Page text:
http://en.wikipedia.org/wiki/Pennsyl...tution_of_1776

Even Massachusetts

Art. XVII. The people have a right to keep and to bear arms for the common defence. And as, in time of peace, armies are dangerous to liberty, they ought not to be maintained without the consent of the legislature; and the military power shall always be held in an exact subordination to the civil authority and be governed by it.

http://www.nhinet.org/ccs/docs/ma-1780.htm

And Vermont

XV. That the people have a right to bear arms for the defence of themselves and the State; and, as standing armies, in the time of peace, are dangerous to liberty, they ought not to be kept up; and that the military should be kept under strict subordination to, and governed by, the civil power.

http://avalon.law.yale.edu/18th_century/vt01.asp

Rhode Island

17th That the people have a right to keep and bear arms, that a well regulated militia, including the body of the people capable of bearing arms, is the proper, natural and safe defence of a free state; that the militia shall not be subject to martial law except in time of war, rebellion or insurrection; that standing armies in time of peace, are dangerous to liberty, and ought not to be kept up, except in cases of necessity; and that at all times the military should be under strict subordination to the civil power; that in time of peace no soldier ought to be quartered in any house, without the consent of the owner, and in time of war, only by the civil magistrate, in such manner as the law directs.


http://avalon.law.yale.edu/18th_century/ratri.asp

North Carolina

17. That the people have a right to bear arms, for the defense of the State; and as standing armies, in time of peace, are dangerous to liberty, they ought not to be kept up; and that the military should be kept under strict subordination to, and governed by, the civil power.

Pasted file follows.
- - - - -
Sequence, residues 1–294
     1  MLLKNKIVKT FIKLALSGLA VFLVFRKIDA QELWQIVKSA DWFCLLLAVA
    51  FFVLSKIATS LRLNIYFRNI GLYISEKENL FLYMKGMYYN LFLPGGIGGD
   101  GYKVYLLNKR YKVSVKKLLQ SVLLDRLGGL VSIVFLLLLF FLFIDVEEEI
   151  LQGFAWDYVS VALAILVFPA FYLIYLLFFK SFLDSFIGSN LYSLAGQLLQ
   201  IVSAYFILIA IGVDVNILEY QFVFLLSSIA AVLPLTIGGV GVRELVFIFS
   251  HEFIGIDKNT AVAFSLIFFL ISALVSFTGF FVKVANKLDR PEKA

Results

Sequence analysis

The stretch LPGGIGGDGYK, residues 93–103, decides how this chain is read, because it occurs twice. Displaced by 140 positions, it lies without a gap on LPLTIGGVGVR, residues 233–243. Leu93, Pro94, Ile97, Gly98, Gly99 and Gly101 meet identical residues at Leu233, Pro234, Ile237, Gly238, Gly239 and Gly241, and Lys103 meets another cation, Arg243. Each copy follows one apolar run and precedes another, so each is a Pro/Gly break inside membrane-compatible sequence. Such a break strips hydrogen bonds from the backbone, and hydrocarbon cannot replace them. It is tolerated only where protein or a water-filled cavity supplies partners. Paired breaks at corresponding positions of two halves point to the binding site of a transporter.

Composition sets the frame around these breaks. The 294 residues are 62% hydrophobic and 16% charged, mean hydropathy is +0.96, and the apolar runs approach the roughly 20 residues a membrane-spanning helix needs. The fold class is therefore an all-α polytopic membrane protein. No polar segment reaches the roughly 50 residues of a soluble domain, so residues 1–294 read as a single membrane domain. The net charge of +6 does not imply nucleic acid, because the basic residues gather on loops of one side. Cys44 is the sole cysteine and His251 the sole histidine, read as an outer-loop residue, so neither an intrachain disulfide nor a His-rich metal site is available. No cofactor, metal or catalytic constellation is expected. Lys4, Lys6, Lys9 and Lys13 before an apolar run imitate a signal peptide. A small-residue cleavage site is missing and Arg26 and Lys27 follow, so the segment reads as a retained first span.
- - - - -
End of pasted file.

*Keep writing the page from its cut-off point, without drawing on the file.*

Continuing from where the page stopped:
http://www.nhinet.org/ccs/docs/nc-1776.htm


It's interesting looking at these, however if you look closely and try to divine the intent of the founders you'll see conflicting messages.

Maine is fairly straight forward and Pennsylvania and Vermont explicitly list self-defense as a reasoning for keeping and bearing arms, however all of the other states (listed here anyway) only list "defense of the State" or "common defense". Now, this argument is moot considering the modern Heller interpretation, but I think you might be opening up a can of worms if you try to defend a self-defense interpretation by only referencing original State constitutions. What can be seen from the other States was that "the people" were the militia and thus everyone who lived in the state who could bear arms would be a member of said militia and would need to keep and bear arms.

It could be that at the time of the original writings self-defense was considered such an absolute right it need not be enshrined in the various State's constitutions, however without corroborating evidence that's purely speculation.

daveblandston6 12-20-2012 5:24 AM

Put this question in historical context: The purpose of the Second Amendment is to guarantee that the citizenry retains the ability to protect itself from a tyrannical government and its army. Obviously, if there are to be any restrictions on firepower, the Founding Fathers would argue that those restrictions should be placed on what the government can possess, not on what the people can possess.

Also, if the government is truly "Of the people, by the people and for the people," then why is there a division between what the government can possess and what the people can possess anyway?

choprzrul 12-20-2012 7:56 AM

I called in to a local AM radio show Monday afternoon and was met with this exact question. My reply went something like this:

The founder's view and opinion of 'Arms' at the time of the revolution included everything from cannon's down to knives. Our own navy started with civilian owned merchant ships armed with civilian owned cannons mounted on them.

Now, in our own time, I would expect the founders to be completely comfortable with the type of arms used by our war fighters in the sandbox at the platoon level. The 2A was written for self defense and to be able to resist tyranny. Platoon level weapons are certainly within the scope needed to resist tyranny.

The radio host found that to be a good answer and measure.

.

mt4design 12-20-2012 8:12 AM